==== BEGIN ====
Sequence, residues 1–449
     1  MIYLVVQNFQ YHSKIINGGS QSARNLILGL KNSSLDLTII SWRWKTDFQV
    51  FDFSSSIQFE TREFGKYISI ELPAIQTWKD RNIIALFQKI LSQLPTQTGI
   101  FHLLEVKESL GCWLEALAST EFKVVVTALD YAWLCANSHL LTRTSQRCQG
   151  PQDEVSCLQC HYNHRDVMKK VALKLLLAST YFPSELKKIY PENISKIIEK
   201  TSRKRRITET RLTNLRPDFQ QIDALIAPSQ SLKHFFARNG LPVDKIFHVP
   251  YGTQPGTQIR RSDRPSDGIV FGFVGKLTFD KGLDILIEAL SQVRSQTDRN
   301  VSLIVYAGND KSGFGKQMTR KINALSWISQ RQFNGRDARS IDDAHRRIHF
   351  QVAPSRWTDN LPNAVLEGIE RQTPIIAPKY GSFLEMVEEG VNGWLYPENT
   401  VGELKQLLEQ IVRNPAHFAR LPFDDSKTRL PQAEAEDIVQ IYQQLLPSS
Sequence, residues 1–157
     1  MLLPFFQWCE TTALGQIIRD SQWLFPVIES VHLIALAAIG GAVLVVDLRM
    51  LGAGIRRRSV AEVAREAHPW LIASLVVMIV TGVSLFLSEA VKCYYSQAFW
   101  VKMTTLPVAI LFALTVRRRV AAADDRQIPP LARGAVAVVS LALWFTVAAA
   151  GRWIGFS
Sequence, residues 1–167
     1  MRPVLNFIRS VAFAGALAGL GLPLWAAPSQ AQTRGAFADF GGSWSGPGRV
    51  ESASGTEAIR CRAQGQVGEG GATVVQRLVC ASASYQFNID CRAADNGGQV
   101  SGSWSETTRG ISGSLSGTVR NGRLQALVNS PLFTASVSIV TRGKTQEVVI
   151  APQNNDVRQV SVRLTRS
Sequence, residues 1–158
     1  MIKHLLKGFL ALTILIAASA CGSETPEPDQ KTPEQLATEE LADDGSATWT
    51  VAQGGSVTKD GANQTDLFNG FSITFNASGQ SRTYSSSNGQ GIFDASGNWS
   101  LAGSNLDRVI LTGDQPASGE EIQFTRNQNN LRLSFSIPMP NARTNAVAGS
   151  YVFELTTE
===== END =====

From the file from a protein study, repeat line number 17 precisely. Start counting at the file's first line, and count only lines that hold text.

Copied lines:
     1  MRPVLNFIRS VAFAGALAGL GLPLWAAPSQ AQTRGAFADF GGSWSGPGRV